...kind of said the reverend, I think, but just in passing a little bit. But it got whole, you know, and it got hold to the guys up at sports and and Chris Bermant was the guy at that time and he kind of really made it, made it go viral. So he kind of laid it on me and and that was the whole deal. So from that moment on everybody was, you know, going around Reben Ike and REB N I can Rev Knight did well. You know, once he gets in the locker room, it's not leaving one. So absolutely, yeah, I think so. You know, you play this career, you've had ups and down St Louis Football. I mean I know a lot of the story in the history, but one of the things I always thought was really cool was that, you know, there's a guy you probably watch play, and I played with him actually, Henry alert, and now he's coaching you back with the ramps. What was that experience like for you? We'll guys. You got to realize that the year he left the rams he ended up coming with you and in Washington and right they draft me to replace him. So imagine that. And they give me his number. You know, Nice they give me the number eighty. So I wanted eighty three, but flipper Henderson had eighty three, so they just give me. So I guess that was a way of you know, in my introduction and and you know, making you know, trying to forget about Henry, but one of the best players ever to play the position. I mean hands down. I mean you talking about a guy who who really didn't start catching passes, and probably so it's like third years. I mean when you have a horse like Eric Dixon in the backbill, you turn around give it to him. So when Earnie ZIMPC comes in, you know, he kind of you know, and here he's told me the story many times, that you know, zmpc tells them that he's going to probably catch sixty to seventy balls this year and Henry, sad didn't believe it. So you know, it was one of the reason, you know, Henry became a punt returner because he wanted to get his hands on the ball from that stand point, right. But you know, he ended up catching sixty, you know, seventy eighty balls and and things that nature. And and this career ispatcus. I mean he's a guy that has only eight hundred catches, I say only, but well over thirteenzero career yards received. So a person like me, a person in my position, I never really look at the touches that a guy had. As far as catches are concerned, because you know, you know in today's football they threw a lot of passes behind the line of scrimmage, right. So you know, I always look at the yards for cats, what a guy does when he has the ball in his hands. So he was just, you know, I believe, sixteen, sixteen to every time he called it he got sixteen yards. So Yours, Paquetts got and he could. He was one of the best route technicians that I've ever seen. Having him as a coach was invaluable because, you know, I can go to the sideline and say, you know him, he's playing me right here, he's outside technique and he's given me cushion. What what can I do? You can give me an example right on the field as what to do. I can apply that information and after that you hear guy screaming me because I just got a touchdown past off of what he just told me on the sideline. So guys like that, man, it was just invaluable to have Henry for myself for my entire room. So he bought he brought a star quality to the room and tons of information, man, that we use. Man, I learned so much from Henry. I actually learn more about how to throw a comeback from Henry and any coach I've ever had, so I can remember I'm throwing them. I'm a little off, you know, because with timing and I'm young, I mean I'm a rookie, and I said hop man, how do I you know? Because it's driving me crazy that we're not perfect. And right he said, look, I'm going to run. When I look back at you, you throw the football. Yeah, and he is running down the sideline, didn't matter, fit his man or zone or whatever. He looks back at me, I let it rip on the outside and he just turns and comes right there. And and that's how kind of we had a real magic for a few years and I've never thrown a pass to Henry ellar all the years we played together that wasn't a first down. How about that one? I wow, that's great, and I mean I'm great man. And he was just such a good route runner that you could throw an early lay it out there. Yep, and you knew, right, we're just going to be and when I watched the greatest show on turn from how curt us to lead you guys, I mean it just it just makes you know brings back a lot of memories. Well, I tell you what, he taught us a lot. And you know what you're describing with the five rows. You know, early in my career when I had Chris Miller as my quarterback, you know, he just say when I look at you, just break. So we called it break on the eye. So I didn't stop running normally. That that fire brow that come back brought it's probably eighteen back...

...to fifteen, right, so we could really run it down to twenty and really not be going full speed. And it's another thing that that here he would teach us is to play at too speeds. So we're running four speeds. But you know, we were confident that we couldn't be beaten out of our breaks and when the quarterback would look we that's when we'd break. And you know, it was funny how I had always worked out in practice and it was even easier in the games, right, because the once you get in practice, those guys know what you're doing right. So absolutely, I mean playing those DV's, they don't really understand that game, the game, and it was in I mean just I taught so many receivers how to do inside release. You know do that stem release because Henry was so good at he was just it's just I still have dreams. I wake up in the middle of night with sweat speaking about this throne, Henry a dig router seven. You know all like you know in your dreams. I like I screw it up in my dream and I'm waking up and like in nor Jel and at me. So it's hey, a lot of great experiences. So, Isaac here, Super Bowl champion, you played in one of the great super bowls ever, with one of the great endings ever, the one yard short game. But when all that went down at the this you know, the waning seconds, you would have been on the sideline, I guess. Tell us what that was like, watching the the final seconds tick away, and you're the Games and jeopardy. Well, I tell you what I mean. It's what every every person that's ever put on a helmet and played the position of wide receiver, you always imagine yourself catching a game winning pat so right that happened. It happened for me and fortunately and unfortnately, when I looked at the clock, we still had about a minute and fifty four seconds. Lest yeah, I saigot I forgot you content. Yeah, you got to go ahead, ass, that's right. Yeah, yeah, so r you know, getting the end zone and I'm walking and walking back down the sideline and I see I see the time left and I'm thinking, oh my goodness, man, with with Steve McNair, and I know he's a Gamer, you know, you just you just have some guys who they probably want the best pure passes. It probably wasn't, you know, as accurate as a lot of other people, but this guy will beat you. You know I'm saying, and that's what we were facing and it was one of those moments where whatever he did in that game, it was working at that moment. I mean I seen this guy push off to three hundred pound defensive lineman and keep the drive alive and ended up completing a pass and at that last moment, man, you know, I'm like, I'm all, I was always one of those guys. I didn't like to follow the ball down the field because it got crowded in there. Guess you know what I'm talking about. You that these big guys are sweaty, they breathing, people cheering. I didn't like being in the mix right there, so I just separate myself and go down to the other end and I will watch the game on the Jumbo Trun at least the snap. I see the snap, the live snap, and then my eyes will go to the jumbo tron just to see, you know, the the completion of the plate. So that's where I was. I was standing and I was watching. I saw the ball snap, stars, saw Steve You drop back and my eyes go to the jumbotron and you know when you're in a super bowl is it's always a bipartisan attendance. The crowd is like one team, what half and half. So I was based in my my reaction was going to be based off of what my sideline did. And when I saw those guys just explode and start running on the field, I immediately run and find my home at grab my helmet, make sure I secure it so it doesn't get lost in the SELFLEA can take it home and my jersey, keep that on and I just go out on the field. I celebrate. Man, it was one of those glorious moments. Man, as a football that that that everybody wants to experience and I think everybody should experience. But you know, I fortunately I had an opportunity to experience that. You know, going back to Steve McNair. You know we were talking about Sundlot before and that might be my number one draft pick if I'm building a all Samlot team, is take see m there. Yeah, I mean he could do everything to it. Well, I'm thinking about Isaac fact, you know, I'm sure when Isaacially my second thing, I think we can. But I'm thinking about like the CULM nation of all the years of football that Isaac has gone through and everywhere he's been, all the transitions he's made and to come to that point, to finally get to the top right. You know, I'm sure that, I mean probably didn't hit you till you were, you know, going on the bus or or your back home. You know, I can I mean that had to be incredible feeling. Well, absolutely. I think it really hit me when we were back in Saint Louis and with a parade, because every champion, you know, you have a parade in your city and that's when, that's when it really you know you're really crowned the champion when you have that procession down one of the streets, and St Louis like Market Avenue, so I mean that was the...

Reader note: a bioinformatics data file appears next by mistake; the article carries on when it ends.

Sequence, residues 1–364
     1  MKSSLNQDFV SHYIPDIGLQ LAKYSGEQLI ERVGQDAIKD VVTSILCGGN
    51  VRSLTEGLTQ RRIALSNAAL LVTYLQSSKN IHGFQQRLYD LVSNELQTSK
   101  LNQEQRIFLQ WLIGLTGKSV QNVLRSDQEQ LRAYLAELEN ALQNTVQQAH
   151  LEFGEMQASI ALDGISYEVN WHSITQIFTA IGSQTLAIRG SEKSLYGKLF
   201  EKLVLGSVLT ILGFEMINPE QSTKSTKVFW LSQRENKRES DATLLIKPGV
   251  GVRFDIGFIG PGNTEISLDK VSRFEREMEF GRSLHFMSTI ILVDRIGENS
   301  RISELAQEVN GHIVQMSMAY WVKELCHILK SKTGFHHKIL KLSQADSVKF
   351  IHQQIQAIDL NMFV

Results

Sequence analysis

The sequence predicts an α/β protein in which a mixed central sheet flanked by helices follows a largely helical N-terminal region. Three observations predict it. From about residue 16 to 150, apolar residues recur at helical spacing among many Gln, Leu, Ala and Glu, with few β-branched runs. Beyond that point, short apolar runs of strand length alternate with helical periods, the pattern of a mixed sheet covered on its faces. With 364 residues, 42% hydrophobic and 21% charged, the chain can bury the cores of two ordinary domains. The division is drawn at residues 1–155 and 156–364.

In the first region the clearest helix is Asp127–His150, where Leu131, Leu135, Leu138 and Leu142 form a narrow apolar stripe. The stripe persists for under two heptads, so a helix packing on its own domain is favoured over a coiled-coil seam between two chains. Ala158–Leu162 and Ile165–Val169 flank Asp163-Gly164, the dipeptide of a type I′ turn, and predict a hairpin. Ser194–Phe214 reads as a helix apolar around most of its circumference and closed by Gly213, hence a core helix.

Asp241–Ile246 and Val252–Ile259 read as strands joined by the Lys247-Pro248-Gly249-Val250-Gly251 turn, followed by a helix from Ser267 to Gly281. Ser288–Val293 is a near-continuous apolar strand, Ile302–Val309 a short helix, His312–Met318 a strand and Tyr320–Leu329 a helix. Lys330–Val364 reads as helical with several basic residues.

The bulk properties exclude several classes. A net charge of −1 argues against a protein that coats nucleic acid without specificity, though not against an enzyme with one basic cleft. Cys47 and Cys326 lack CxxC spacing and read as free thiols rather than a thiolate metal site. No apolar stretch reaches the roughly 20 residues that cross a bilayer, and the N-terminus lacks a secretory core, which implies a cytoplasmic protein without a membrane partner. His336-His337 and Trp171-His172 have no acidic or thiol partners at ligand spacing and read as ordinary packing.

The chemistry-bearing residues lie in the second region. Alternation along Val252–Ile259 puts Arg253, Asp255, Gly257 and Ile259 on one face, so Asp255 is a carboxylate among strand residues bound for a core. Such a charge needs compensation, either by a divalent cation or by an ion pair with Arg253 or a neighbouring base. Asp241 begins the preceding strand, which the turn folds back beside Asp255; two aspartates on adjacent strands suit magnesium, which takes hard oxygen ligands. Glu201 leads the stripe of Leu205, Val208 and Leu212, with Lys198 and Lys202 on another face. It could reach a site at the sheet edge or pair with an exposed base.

...moment, that was it for me. Yeah, so I tell us a little bit. You played. You play a long time in the NFL, sixteen years. You know, what was that transition like leaving the game and what are you doing currently? Well, it was all about preparation. Man, sixteen years, you know, I was ready to go. I think I could have played probably two more seasons, but you know, I think the biggest thing for me was, you know, having to learn another offense, really not another offense, but just a jargon that goes with an offense that a guy brings in, and having to teach that to guys who were two twenty, and I know the way I was when I was t twenty. I wasn't really focused. But you know, having to be patient with those type guys and I thought it was time to go. I was ready to, you know, just leave football to do something different. And from there, man, after I think my sixteen season season, I got married, ended up having my first daughter and San Francisco that year and after that, man, I just started building my family. Um, I'm an entrepreneur here in south Florida and from that, man, I just just raising my girls. Man, and having a good time enjoying life. Are you in that? Did you? Did? I just read that you're an athletic director. Now I am an athletic director. I did you sit in that position out at university here, locally, in Florida and South Florida. So that's a bit of a challenge itself. Man. I had to hire. I had to hire a football coach, and you know, people look totally different on their rhythume as opposed to when you meet them. So, Hey, man, let me tell you that that was tough, man, it was tough. That's probably how all the coaches felt when they they hired me, like is, resume looks good. Then they bring in there like we're not so sure about this for right. Well, like, you're doing a lot of good things. I know your foundation is this kicking at you're helping a lot of kids. Reverend is strong out there days, it sounds like it. Yeah, and he's doing a lot for his family, doing a lot for his community and giving back in all kind of ways. All right, hey, we appreciate man. We wish you all the best of luck. I know you're going to get in this year. I can't see you. Can't wait to see you where that gold jacket and actually we just interviewed David Baker and we're going to be over there doing our show during the in trinment. So we're excited to see a man. Good luck it and we're rooting for you. He appreciate it, man, nice talking to you, guys. All right, thanks, Isaac. Thanks. I talk to you. Yes, sir. We want to thank you for listening to huddle up with gusts, a RADIOCOM original. You can find our show on RADIOCOM, the new RADIOCOM APP or anywhere you listen to your favorite podcast. Please leave us in review or comment if you enjoyed the show. We are on facebook, twitter, instagram and Youtube at huddle up with Gus. You can also visit us on our website, huddle up with guscom. The the the the the...